Even kids like me who didn’t grow up in the country knew about hay lofts. It’s one of those things we learn through osmosis from books or Fischer Price. Every barn I ever drew as a child had hay coming out of a tiny window on the top floor—why did I never question how it got up there? It wasn’t until actually experiencing the wonders of the grain elevator this past week that it even occurred to me to ask how the hay got upstairs. Yellow tufts of hay were simply always sticking out of red barns.
Last Saturday we had a work party at my host farm to load hay into the barn for winter feeding. The hay was baled on my host family’s other property and then transported to the farm in a large trailer made especially for this purpose. Each bale was then shoved off the trailer and loaded onto the grain elevator. The grain elevator takes the bale up the barn’s second floor window where it is, forcefully, dropped and picked up and stacked 5-6 bales high.
Before going on let me describe a grain elevator in case, like me, you’ve never seen or fathomed one before. In simple terms a grain elevator is a massive metal contraption that brings hay bales up. In my opinion they would be more aptly named hay escalators because they move at an incline not straight up and down like I had pictured in my head while eating breakfast that morning. Our first task of the day was secure one end of the elevator (its about 40 feet long) to the window we want the hay to go through and one onto a platform that we made by stacking palates. Maybe newer models of grain elevators have figured out how to make this an easier task but what we simply tied a rope to one end and pulled it up and tied it off at the top. To start the machine a string it pulled much like a lawn mower and a large chain with hooks starts quickly going round like a bike chain or really large chain saw. The hooks are what the bale is places on that that 9 times out of 10 they don’t fall down and endanger the people below. It’s quite a formidable machine. Definitely not one to wear dangly jewelry around.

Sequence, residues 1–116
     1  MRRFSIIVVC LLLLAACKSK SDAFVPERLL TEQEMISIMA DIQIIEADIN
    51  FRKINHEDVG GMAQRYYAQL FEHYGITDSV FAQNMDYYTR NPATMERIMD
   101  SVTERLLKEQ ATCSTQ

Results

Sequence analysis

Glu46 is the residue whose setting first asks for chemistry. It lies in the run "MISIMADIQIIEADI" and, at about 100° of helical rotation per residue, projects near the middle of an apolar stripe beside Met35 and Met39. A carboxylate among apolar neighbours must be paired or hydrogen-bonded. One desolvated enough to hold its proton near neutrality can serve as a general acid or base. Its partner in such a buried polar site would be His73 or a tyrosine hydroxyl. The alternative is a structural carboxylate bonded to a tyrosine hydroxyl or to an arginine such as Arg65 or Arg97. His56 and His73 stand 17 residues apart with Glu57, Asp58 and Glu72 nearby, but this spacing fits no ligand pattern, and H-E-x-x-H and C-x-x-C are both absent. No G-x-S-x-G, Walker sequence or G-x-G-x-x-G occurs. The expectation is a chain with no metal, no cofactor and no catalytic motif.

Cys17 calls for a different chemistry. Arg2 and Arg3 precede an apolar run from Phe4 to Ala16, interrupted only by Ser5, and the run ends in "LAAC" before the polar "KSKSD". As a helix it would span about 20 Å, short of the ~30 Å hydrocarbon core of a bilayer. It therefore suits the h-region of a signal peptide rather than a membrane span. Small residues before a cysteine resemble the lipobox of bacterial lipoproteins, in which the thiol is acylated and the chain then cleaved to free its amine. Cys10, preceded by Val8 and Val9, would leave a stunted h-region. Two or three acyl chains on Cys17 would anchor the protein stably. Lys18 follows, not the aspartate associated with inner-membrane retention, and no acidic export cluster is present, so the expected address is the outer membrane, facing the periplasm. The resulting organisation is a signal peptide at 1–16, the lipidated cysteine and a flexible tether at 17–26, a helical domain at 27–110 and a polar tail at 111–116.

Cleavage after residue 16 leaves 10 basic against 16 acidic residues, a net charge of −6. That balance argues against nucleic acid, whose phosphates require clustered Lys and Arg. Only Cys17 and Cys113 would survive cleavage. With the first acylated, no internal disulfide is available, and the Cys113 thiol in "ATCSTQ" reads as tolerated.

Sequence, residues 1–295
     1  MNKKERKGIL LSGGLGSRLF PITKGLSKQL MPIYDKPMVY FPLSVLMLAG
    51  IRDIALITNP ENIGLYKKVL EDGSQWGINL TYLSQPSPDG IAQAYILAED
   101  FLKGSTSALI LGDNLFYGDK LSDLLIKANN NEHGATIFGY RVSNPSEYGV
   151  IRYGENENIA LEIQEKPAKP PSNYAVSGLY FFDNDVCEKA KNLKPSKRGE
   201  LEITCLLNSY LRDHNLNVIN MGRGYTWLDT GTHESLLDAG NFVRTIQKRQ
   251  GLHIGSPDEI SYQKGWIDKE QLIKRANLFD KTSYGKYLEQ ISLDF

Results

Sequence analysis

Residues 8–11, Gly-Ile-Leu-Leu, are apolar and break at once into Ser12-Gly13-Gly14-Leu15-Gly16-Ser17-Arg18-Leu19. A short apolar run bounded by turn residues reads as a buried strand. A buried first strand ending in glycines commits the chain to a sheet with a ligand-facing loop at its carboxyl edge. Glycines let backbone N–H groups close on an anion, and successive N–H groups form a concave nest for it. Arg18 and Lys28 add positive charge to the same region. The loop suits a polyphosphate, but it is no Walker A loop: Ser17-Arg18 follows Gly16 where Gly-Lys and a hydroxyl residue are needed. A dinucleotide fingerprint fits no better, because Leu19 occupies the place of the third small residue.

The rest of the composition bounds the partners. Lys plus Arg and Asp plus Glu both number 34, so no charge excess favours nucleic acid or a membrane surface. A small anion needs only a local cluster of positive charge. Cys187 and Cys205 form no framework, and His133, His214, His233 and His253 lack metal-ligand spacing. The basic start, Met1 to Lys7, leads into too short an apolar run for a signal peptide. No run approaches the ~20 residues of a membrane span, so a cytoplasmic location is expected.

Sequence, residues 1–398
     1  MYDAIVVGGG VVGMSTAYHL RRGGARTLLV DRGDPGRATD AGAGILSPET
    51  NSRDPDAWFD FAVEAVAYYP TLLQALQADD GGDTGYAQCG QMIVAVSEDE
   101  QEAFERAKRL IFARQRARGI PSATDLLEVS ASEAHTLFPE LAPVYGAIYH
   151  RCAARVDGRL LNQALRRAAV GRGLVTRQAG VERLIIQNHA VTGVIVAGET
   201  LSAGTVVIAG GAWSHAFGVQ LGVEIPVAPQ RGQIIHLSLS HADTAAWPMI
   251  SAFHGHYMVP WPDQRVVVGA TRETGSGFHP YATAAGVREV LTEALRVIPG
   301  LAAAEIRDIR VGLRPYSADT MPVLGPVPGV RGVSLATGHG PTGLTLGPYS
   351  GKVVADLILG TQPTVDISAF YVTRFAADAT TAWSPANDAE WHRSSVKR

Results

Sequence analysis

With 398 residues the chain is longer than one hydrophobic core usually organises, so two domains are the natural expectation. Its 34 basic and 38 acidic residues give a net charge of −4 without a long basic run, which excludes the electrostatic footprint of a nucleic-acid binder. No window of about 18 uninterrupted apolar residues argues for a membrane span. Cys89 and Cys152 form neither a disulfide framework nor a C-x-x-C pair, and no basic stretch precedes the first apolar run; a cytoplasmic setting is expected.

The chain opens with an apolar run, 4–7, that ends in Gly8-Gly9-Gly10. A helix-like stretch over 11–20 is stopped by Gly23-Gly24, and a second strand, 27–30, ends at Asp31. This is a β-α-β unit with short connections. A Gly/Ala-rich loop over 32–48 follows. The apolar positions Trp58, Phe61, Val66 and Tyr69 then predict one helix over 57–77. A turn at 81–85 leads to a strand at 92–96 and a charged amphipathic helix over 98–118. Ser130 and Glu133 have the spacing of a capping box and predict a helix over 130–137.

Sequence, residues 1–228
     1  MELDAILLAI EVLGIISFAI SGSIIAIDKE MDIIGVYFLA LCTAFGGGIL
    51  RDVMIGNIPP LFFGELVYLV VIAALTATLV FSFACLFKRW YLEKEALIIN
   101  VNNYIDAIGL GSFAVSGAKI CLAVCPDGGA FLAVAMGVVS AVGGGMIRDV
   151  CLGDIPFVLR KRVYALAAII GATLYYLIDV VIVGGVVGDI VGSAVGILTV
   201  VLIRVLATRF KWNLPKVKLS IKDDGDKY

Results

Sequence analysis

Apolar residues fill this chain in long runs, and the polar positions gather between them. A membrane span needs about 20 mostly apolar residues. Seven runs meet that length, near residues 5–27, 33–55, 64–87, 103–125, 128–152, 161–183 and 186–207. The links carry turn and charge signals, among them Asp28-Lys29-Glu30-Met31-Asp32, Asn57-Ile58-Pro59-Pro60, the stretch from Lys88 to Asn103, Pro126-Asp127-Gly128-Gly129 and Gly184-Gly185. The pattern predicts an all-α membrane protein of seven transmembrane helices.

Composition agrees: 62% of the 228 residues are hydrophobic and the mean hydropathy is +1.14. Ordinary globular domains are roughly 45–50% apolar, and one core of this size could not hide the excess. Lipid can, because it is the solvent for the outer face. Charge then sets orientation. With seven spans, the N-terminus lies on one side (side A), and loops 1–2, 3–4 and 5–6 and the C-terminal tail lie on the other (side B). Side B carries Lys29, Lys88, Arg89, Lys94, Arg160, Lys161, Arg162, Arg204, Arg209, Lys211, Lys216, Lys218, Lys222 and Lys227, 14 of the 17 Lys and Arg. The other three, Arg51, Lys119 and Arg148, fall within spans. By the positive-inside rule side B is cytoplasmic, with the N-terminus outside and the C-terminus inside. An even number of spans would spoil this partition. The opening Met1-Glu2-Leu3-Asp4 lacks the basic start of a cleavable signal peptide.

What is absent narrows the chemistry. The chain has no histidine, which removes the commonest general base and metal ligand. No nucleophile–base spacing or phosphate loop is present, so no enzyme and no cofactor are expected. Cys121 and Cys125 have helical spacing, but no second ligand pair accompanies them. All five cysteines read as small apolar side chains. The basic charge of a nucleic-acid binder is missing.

So anyway, I was one of the three stackers in the hay loft which I can say with all honesty is one of those jobs that I wouldn’t want to do more than once a year. Don’t get me wrong—we had a blast up there but it was very hard work. The bales bound and bounce through the window every 10-30 seconds and in that time we would race to the other side of the barn while lugging a bale and heave it upwards into a neat stack to the ceiling. Once we blocked the back window and lost our airflow things got a little rough. Hay dust and high temperatures threatened to beat us but we kept on! The two trips to restock the hay trailer had given us two swims in the cool creek and an afternoon coffee break kept the energy up. Hours flew by and before we knew it the hay loft was full. At the end of the day as we sat outside with our beers and scratchy throats we felt nothing short of victorious.
Question of the Day: If each hay bale is between 40-60 pounds and throughout the day we stacked around 500 bales and if a polar bear weighs a standard ton—how many polar bears did we lift?